Tencent Broadcast Center (TCB) has been selected for the first time as an Olympic coverage carrier for the delayed 2020 Tokyo Olympics. Their selection gave Tencent a significant challenge but also a huge opportunity to demonstrate its ability to deliver engaging multi-sport live event productions.
Its first steps have focussed on designing the necessary production workflows to turn its vision into reality. TBC’s brief was for a complete production package comprising servers and replay systems designed specifically for fast-paced, live sports environments. It had to be both secure and prepared for future demands in order to meet upcoming standards. TBC also wanted a system that would virtualise all of its backend resources and optimise the efficiency and flexibility of its staff for remote operations and collaborative workflows.
TBC’s production team appointed EVS to deliver live production tools across two mobile units (OB1 / OB2), the Tencent Beijing Headquarters in north-west Beijing and their studios located about an hour’s drive away in Shougang, west Beijing.
EVS’ XT-VIA is the hub of Tencent's workflows.
The live production server forming the hub of the production workflow is EVS’ XT-VIA, which supports IP interoperability with third-party IP-based systems, and HDR in multiple video formats including full HD 1080p and UHD 4K and 1080p to UHD 4K upscaling. XT-VIA is also compatible with the newer super slow-motion cameras and can handle over 370 I/O configurations for the current and future workflows TBC will need to comply with, easing alignment with the quality assurance required for the event.
Server interconnection is based on on EVS’ IP media sharing network, extending the capabilities of the XT-VIA and creating a faster sharing environment for the entire production team. Because higher resolution networking required by 1080p HDR and UHD 4K video will put more pressure on bandwidth capacity, TBC operators will need to take advantage of the network’s higher bandwidth to access content faster, regardless of location, which is essential for remote working requirements.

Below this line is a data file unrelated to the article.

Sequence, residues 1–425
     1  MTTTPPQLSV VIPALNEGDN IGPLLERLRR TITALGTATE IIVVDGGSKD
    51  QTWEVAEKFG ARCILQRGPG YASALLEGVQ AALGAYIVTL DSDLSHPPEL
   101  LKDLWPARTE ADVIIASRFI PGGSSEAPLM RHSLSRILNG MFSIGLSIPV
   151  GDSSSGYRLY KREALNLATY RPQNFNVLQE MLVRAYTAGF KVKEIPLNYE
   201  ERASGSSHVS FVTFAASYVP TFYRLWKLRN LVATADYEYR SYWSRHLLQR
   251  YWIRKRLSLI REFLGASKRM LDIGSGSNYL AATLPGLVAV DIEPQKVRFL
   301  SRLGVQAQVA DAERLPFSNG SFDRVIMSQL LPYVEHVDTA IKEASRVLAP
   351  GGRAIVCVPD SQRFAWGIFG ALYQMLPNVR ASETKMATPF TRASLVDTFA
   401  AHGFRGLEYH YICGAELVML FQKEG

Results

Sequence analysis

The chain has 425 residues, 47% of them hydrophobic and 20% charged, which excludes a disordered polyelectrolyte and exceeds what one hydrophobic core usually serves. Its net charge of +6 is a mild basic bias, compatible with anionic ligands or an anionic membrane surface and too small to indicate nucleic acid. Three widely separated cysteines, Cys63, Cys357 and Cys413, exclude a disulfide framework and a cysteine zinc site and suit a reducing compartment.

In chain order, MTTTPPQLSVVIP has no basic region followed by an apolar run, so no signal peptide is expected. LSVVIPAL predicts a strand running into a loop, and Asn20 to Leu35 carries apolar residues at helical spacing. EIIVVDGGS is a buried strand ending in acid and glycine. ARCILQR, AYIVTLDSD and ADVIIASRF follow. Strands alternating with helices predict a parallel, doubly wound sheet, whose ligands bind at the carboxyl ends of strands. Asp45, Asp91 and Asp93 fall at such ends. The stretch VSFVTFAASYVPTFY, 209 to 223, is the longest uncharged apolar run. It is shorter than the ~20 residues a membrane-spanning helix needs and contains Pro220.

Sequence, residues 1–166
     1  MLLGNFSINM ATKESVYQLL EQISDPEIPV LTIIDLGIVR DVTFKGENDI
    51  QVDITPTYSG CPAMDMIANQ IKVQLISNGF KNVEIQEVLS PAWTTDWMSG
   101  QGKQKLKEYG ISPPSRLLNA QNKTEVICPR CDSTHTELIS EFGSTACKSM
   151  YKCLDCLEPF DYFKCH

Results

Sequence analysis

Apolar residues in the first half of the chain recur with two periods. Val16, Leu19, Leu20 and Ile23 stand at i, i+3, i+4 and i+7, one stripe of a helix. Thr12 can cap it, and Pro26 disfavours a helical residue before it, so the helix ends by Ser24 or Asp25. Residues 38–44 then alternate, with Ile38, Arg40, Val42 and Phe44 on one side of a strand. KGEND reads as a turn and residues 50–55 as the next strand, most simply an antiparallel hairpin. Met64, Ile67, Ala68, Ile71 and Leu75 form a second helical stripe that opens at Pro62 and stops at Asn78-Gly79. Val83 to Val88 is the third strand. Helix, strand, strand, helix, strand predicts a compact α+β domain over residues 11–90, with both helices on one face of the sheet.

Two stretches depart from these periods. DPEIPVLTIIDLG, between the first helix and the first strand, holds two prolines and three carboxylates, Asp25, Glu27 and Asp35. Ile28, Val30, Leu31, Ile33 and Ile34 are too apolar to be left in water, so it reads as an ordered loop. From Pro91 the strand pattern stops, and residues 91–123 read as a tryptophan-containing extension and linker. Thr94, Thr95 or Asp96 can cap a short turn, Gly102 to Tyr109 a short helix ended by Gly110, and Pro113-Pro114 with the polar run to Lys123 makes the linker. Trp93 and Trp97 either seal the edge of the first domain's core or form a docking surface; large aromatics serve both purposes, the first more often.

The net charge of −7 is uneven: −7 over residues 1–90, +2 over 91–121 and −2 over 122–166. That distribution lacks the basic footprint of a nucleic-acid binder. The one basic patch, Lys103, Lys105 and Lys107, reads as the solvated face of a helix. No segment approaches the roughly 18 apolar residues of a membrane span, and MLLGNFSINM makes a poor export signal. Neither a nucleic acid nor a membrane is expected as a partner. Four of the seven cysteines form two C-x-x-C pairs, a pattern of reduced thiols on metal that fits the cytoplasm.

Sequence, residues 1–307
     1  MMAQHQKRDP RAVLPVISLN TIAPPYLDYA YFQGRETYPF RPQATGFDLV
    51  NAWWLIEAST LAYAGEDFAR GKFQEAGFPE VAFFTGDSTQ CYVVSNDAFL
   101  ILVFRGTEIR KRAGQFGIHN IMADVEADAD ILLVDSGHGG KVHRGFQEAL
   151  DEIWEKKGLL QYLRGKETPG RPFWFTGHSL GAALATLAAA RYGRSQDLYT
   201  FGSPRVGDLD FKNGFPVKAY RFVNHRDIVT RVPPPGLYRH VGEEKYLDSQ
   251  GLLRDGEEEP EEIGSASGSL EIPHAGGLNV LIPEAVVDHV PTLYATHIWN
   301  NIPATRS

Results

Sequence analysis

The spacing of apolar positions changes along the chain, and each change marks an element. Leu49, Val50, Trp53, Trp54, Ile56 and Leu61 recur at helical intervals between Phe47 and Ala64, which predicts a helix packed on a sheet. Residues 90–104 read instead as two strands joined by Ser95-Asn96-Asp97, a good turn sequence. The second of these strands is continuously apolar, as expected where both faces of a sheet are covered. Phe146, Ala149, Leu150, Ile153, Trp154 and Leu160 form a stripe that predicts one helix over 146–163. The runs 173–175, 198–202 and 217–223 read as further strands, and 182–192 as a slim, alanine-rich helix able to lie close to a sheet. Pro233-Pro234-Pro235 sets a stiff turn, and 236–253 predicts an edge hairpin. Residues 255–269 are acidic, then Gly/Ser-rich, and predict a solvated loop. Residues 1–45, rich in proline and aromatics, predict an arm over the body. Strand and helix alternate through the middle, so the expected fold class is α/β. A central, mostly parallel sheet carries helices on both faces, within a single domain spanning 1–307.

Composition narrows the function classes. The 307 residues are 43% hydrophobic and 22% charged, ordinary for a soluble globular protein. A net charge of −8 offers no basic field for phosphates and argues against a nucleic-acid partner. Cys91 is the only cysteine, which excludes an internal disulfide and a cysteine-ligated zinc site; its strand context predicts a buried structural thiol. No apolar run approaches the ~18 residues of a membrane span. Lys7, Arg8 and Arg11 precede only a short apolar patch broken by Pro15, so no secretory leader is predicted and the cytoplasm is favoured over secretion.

Flexibility of the system is also critical for TBC. Both the network and the server interact directly with LSM-VIA, EVS’ IP-based live replay and highlights system. The TBC operators’ fast, direct access to all content on the production network will also make it easier for producers in different locations to work on content. By dynamically assigning channels on geographically distributed XT-VIA systems to its global remote team, TBC operators can work remotely from anywhere and also run multi-site simultaneous productions.
Because their crews are to be spread between the different sites, TBC was keen to establish collaborative production workflows. A primary aspect of delivering this goal was a fully virtualised operation, both for operators and for all of the backend resources, made possible by removing the need for dedicated hardware.
By virtualising EVS’ content management suite, Tencent also has a leaner production model and can save valuable rack space. Other applications such as EVS’ web-based browsing tool can also be deployed as a virtual machine by using a virtualisation platform specifically designed for OB trucks. This set-up is convenient and allows the various stakeholders to browse the content from wherever they are located.
EVS’ file exchange, backup and transcoding systems also contribute to collaboration between production teams working in the OB trucks and the studio. All EVS systems integrate with TCB’s choice of third-party systems that include a wide array of post-production tools, as well as Tencent Cloud. This latter integration was a primary requirement for the TBC team. In the future it will mean Tencent can cover a variety of other sports, shows, eGames or even the productions of Tencent Video App users by integrating its cloud and AI based productions within Tencent’s cloud platform. www.evs.com